By Paul Heltzel
May 17, 2016
“Soft skills and conversations with customers can also give a great sense of compassion that will improve how you build. You begin to think about what the customers really need instead of over-engineering.” -- Ben Donohue, VP of engineering, MediaMath
“It makes for better software when people talk,” says MediaMath’s Donohue. “Soft skills and conversations with customers can also give a great sense of compassion that will improve how you build. You begin to think about what the customers really need instead of overengineering.”
Talent Inc.’s Henderson says your work with other people is a crucial part of developing a successful dev career.
“All human activities are social, and development is no exception,” Henderson says. “I once witnessed an exchange on the Angular mailing list where a novice developer posted some code with questions. Within an hour -- and through the help of five people -- he had rock-solid idiomatic Angular code, a richer understanding of Angular nuance and pitfalls, and several new contacts. Although the trolls can sometimes cause us to lose faith, the world is full of amazing people who want to help one another.”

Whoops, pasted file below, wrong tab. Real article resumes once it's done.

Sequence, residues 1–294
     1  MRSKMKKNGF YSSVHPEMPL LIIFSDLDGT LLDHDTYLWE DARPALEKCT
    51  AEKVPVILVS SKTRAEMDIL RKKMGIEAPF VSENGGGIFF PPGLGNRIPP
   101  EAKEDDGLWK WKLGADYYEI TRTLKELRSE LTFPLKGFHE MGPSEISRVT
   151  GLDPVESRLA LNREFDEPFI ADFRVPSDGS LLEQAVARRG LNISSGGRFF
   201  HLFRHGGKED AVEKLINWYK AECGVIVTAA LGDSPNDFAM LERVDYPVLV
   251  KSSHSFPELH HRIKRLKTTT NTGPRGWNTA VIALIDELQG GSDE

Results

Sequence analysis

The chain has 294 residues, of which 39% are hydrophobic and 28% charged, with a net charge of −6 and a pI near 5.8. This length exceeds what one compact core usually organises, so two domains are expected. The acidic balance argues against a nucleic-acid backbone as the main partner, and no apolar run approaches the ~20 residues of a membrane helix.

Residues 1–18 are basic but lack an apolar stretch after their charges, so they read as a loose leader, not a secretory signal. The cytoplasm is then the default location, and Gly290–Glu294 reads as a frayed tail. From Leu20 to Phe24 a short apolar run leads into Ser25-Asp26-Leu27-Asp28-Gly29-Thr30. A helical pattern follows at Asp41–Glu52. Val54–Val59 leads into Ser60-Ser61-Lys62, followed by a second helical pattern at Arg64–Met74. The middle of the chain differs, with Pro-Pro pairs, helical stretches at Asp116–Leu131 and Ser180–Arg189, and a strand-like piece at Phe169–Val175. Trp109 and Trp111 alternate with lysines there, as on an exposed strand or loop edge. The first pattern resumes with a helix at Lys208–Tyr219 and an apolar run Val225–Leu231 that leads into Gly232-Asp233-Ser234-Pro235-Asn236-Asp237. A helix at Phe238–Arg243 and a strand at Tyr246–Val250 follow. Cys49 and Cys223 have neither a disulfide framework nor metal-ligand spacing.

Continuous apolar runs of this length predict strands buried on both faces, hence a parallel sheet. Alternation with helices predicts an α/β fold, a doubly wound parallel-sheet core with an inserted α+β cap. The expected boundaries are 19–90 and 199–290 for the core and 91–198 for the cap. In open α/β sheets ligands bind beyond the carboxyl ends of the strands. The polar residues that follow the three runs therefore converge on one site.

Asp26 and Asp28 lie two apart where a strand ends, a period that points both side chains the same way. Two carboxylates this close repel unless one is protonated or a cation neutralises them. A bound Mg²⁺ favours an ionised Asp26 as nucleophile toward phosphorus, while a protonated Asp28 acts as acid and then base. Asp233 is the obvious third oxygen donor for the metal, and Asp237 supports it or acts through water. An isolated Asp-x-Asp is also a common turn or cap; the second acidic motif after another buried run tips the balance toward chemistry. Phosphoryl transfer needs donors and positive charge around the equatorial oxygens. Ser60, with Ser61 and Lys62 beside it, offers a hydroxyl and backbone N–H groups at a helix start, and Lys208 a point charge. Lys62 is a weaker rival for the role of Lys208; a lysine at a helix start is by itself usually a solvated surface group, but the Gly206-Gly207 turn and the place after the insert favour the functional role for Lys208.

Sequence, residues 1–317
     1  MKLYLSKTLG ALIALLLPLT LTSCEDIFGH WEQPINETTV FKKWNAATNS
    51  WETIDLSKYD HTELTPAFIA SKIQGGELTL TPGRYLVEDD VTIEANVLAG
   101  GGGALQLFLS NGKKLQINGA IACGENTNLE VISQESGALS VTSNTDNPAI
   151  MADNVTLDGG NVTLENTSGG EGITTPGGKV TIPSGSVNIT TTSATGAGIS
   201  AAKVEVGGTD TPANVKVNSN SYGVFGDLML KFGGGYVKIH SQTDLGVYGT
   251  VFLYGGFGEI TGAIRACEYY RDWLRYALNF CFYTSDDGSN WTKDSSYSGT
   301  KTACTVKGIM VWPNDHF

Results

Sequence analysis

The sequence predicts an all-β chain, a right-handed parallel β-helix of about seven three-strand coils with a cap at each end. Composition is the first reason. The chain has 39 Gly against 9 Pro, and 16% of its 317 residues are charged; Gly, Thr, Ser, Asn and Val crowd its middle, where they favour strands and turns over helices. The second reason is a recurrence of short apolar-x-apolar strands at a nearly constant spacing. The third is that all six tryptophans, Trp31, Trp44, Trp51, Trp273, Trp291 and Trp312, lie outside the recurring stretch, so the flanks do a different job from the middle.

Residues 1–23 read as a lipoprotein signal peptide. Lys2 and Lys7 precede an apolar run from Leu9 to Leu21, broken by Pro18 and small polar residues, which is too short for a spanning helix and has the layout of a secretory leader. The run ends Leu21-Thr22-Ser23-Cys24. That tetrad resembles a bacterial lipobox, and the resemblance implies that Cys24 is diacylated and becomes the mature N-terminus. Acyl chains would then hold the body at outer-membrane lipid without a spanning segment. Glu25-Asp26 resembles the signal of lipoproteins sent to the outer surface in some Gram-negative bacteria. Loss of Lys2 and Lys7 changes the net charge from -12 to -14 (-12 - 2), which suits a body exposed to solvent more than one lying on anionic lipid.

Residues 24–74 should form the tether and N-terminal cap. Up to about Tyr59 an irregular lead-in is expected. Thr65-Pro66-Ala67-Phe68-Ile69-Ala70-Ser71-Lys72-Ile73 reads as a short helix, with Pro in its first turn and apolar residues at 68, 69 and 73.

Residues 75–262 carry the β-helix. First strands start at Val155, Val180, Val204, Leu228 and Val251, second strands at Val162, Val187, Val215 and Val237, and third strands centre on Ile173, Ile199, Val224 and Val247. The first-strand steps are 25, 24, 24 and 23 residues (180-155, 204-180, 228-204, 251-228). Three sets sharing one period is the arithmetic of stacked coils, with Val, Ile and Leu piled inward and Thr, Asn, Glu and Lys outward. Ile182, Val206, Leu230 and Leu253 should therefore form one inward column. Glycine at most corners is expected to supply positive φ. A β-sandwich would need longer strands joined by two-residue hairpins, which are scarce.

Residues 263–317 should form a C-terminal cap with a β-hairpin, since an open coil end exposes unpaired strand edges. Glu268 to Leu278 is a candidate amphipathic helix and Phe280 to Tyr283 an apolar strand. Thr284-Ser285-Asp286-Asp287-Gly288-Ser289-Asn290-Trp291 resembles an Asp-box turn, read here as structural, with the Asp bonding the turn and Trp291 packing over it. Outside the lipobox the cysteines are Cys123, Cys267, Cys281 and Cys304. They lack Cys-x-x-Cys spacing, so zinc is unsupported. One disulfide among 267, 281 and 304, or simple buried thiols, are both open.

Automic’s Wilson says a lack of soft skills is a career killer. Then when less proficient programmers move ahead developers who don’t have people skills -- or simply aren’t exercising them -- are left wondering why. Yet everyone loves bosses, he says, “who demonstrate tact and proficient communication.”
“To improve your soft skills, the Internet, e-courses, friends, and mentors are invaluable resources if ... you are humble and remain coachable,” Wilson says. “Besides, we will all reach a point in our career when we will need to lean on relationships for help. If no one is willing to stand in your corner, then you, not they, have a problem, and you need to address it. In my career, I have valued coachable people over uncoachable when I have had to make tough personnel decisions.”
Programming is only one aspect of development, says management consultant Puri. “The big part is being able to communicate and understand business objectives and ideas, between groups of people with varying levels of technical skills. I've seen too many IT people who try to communicate too much technical detail when talking with management.”
Mistake No. 7: Failing to develop a career road map
Developing goals and returning to them over time -- or conversely developing an agilelike, go-with-the-flow approach -- both have their proponents.
“I recommend making a list of experiences and skills that you’d like to acquire and use it as a map, updating it at least annually.” --Michael Henderson, CTO, Talent Inc.